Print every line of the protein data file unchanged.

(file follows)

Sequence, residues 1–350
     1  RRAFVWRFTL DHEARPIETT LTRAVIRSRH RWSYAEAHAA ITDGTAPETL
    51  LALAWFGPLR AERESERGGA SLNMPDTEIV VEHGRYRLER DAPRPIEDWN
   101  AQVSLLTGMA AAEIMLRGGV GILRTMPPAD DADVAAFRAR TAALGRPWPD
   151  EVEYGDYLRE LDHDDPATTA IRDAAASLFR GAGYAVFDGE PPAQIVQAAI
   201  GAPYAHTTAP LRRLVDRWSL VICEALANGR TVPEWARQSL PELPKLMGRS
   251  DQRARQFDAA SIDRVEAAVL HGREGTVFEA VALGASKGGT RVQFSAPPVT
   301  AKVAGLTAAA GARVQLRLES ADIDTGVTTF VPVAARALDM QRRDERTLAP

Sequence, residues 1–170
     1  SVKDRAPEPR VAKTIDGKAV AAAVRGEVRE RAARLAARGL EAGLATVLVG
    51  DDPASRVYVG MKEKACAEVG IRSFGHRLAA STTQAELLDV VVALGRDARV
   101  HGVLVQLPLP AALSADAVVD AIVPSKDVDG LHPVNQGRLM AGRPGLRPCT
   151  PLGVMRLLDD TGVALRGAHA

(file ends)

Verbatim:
Sequence, residues 1–350
     1  RRAFVWRFTL DHEARPIETT LTRAVIRSRH RWSYAEAHAA ITDGTAPETL
    51  LALAWFGPLR AERESERGGA SLNMPDTEIV VEHGRYRLER DAPRPIEDWN
   101  AQVSLLTGMA AAEIMLRGGV GILRTMPPAD DADVAAFRAR TAALGRPWPD
   151  EVEYGDYLRE LDHDDPATTA IRDAAASLFR GAGYAVFDGE PPAQIVQAAI
   201  GAPYAHTTAP LRRLVDRWSL VICEALANGR TVPEWARQSL PELPKLMGRS
   251  DQRARQFDAA SIDRVEAAVL HGREGTVFEA VALGASKGGT RVQFSAPPVT
   301  AKVAGLTAAA GARVQLRLES ADIDTGVTTF VPVAARALDM QRRDERTLAP

Sequence, residues 1–170
     1  SVKDRAPEPR VAKTIDGKAV AAAVRGEVRE RAARLAARGL EAGLATVLVG
    51  DDPASRVYVG MKEKACAEVG IRSFGHRLAA STTQAELLDV VVALGRDARV
   101  HGVLVQLPLP AALSADAVVD AIVPSKDVDG LHPVNQGRLM AGRPGLRPCT
   151  PLGVMRLLDD TGVALRGAHA